I have an expression involving REAL as:

xf=w1*x1 + w2*x2 + w3*x3 + w1*y1 + w2*y2 + w3*y3

I want to know if the (Intel Fortran) compiler optimized it to:

xf=w1*(x1+y1) + w2*(x2+y2) + w3*(x3+y3)

How do I see the expression tree which was generated for this expression?

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    Which compiler? Which language? – Antimony Aug 20 '12 at 22:54
  • Note that this isn't common subexpression elimination. You're rewriting the expression to an equivalent expression with less operations by using the rules of arithmetic. You're not reusing any subexpression. – sepp2k Aug 20 '12 at 23:02
  • @sepp2k: Got confused with another question which I was about to post about CSE. I have updated the title now – arunmoezhi Aug 20 '12 at 23:13
  • @Antimony: intel fortran compiler – arunmoezhi Aug 20 '12 at 23:13
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    I'm assuming this is floating point arithmetic? If so, check out Why doesn't GCC optimize aaaaaa to (aaa)*(aa*a)? for another compiler's take on a related optimization. I wouldn't bet this transformation is correct w.r.t. rounding, and thus the compiler may not do it (unless asked via a particular flag). – user395760 Aug 21 '12 at 4:21

Your standard common subexpression schemes would not perform the above transformation, and some languages would regard the transformation as illegal, since it could result in different side-effects.

But high-performance FORTRAN compilers (which probably excludes Intel FORTRAN) might do it.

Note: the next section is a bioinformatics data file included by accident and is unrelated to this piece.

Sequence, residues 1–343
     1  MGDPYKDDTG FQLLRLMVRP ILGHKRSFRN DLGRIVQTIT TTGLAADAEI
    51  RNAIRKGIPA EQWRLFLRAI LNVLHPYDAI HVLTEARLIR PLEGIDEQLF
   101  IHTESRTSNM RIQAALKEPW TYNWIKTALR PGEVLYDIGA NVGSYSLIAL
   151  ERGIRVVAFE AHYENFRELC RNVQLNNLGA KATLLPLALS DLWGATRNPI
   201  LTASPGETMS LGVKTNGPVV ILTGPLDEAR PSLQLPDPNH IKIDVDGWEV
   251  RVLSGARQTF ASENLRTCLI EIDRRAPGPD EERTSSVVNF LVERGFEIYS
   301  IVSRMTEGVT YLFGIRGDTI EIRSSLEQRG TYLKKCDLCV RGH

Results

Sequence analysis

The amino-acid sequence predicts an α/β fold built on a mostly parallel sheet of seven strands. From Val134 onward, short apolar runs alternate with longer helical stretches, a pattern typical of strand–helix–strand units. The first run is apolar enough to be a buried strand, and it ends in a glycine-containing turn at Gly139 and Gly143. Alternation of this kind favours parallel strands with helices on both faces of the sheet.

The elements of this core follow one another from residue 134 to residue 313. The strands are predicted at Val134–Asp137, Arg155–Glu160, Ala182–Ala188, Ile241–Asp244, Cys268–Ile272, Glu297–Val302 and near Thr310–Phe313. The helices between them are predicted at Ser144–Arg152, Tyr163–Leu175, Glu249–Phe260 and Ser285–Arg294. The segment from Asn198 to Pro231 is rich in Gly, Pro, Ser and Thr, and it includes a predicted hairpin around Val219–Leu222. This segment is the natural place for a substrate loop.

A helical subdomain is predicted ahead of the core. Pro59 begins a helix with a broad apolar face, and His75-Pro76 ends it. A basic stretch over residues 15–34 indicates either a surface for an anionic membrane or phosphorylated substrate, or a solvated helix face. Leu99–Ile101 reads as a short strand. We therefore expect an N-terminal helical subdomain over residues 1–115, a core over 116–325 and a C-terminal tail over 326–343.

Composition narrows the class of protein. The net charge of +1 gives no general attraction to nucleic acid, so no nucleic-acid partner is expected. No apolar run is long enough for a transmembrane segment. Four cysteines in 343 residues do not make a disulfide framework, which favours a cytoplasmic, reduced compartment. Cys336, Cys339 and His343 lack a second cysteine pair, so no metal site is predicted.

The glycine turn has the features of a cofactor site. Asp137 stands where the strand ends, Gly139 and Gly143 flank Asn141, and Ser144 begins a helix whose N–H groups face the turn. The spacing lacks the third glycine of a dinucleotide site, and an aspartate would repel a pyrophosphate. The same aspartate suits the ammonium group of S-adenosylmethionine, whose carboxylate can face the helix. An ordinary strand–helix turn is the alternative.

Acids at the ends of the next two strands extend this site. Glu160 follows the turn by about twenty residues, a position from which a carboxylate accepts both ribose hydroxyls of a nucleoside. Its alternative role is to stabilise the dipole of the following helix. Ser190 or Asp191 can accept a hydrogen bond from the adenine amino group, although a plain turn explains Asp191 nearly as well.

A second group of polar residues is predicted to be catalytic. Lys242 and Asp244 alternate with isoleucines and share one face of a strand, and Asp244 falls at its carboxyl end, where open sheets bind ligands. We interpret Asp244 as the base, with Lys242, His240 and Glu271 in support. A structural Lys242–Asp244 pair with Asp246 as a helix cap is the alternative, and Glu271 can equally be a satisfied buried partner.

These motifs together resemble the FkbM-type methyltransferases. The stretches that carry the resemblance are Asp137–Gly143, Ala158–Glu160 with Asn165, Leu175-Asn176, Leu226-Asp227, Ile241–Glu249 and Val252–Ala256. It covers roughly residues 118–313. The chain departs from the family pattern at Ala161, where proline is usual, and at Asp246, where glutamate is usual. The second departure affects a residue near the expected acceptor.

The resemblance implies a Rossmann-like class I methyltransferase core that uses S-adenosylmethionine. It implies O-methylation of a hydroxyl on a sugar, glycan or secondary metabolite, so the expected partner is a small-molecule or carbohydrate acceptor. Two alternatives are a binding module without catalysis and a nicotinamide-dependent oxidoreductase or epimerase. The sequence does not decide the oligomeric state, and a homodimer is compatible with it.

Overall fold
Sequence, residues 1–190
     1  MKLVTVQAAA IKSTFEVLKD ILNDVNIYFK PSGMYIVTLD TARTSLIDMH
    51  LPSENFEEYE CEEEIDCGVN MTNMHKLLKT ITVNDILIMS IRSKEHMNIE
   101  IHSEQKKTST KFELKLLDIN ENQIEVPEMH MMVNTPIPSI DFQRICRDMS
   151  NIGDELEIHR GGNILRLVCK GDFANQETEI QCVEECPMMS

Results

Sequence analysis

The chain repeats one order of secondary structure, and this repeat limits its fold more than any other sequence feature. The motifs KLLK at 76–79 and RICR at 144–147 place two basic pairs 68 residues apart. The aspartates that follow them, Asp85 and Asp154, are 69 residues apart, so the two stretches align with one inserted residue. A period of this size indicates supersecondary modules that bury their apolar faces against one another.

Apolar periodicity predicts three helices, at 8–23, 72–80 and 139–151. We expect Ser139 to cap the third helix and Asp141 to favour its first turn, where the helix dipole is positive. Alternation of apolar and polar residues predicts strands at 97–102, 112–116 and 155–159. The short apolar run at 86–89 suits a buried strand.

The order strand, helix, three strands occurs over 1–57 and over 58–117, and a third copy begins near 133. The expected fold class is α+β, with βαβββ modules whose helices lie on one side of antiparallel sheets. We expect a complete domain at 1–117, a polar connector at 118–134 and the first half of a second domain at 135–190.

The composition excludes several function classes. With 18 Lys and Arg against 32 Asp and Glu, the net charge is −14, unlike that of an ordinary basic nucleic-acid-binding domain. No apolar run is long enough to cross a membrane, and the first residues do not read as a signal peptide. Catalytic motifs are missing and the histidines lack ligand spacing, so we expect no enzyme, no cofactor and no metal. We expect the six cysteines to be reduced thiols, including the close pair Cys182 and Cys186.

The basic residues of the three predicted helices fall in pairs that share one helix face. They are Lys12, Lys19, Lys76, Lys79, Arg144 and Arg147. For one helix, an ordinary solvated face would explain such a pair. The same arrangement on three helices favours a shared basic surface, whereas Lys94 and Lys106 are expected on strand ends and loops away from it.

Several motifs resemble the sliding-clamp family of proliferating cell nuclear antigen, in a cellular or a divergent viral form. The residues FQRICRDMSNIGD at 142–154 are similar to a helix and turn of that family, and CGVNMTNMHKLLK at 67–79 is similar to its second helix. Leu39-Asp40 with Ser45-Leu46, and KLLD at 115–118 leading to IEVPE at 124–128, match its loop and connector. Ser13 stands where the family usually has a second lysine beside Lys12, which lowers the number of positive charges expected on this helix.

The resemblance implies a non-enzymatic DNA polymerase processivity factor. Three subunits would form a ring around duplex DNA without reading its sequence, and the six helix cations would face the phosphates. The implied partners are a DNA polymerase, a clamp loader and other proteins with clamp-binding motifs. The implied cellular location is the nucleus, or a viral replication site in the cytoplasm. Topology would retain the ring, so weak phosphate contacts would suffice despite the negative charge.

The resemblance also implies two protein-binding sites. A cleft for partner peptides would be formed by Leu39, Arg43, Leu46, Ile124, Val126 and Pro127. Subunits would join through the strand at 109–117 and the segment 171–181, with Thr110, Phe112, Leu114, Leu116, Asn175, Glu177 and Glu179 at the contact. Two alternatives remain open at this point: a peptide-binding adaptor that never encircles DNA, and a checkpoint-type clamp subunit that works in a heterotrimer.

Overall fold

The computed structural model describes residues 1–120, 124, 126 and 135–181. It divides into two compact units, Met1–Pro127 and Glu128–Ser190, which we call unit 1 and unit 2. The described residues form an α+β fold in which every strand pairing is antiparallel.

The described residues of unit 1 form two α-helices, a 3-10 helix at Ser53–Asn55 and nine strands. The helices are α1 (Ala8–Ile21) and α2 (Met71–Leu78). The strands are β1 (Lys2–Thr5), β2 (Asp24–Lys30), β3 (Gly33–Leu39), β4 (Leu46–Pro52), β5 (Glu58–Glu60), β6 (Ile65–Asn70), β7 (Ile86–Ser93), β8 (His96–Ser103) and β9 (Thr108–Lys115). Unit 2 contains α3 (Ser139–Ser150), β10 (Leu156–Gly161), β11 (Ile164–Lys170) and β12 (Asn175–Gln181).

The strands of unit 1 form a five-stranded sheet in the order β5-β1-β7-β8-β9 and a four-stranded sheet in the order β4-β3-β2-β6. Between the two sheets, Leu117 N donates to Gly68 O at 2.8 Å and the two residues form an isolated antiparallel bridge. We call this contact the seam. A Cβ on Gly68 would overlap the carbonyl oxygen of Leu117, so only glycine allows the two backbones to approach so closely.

• is there a way to confirm it without looking at the assembly? – arunmoezhi Aug 21 '12 at 0:55
  • @arunmoezhi -- Talk to the compiler designer. – Hot Licks Aug 21 '12 at 1:54

How do I see the expression tree which was generated for this expression?

If your compiler has an option to display the tree after a given optimization phase, you can use that option. To find out whether that's the case, consult your compiler's optimization.

If your compiler does not have such an option, you won't be able to see which trees (or other internal representations) the compiler generated during its run. In that case your best bet would be to simply look at the generated assembly to see which arithmetic operations will be performed.

  • The source code has more than 3k lines. Mapping source lines to assembly will be tedious with compiler optimization enabled. Is there a better way to do it. I tried to use gdb to get PC of a particular source line using line info and then get the assembly of it by using disas [PC]. But source line numbers do not match exactly when compiler optimization is enabled – arunmoezhi Aug 21 '12 at 1:29

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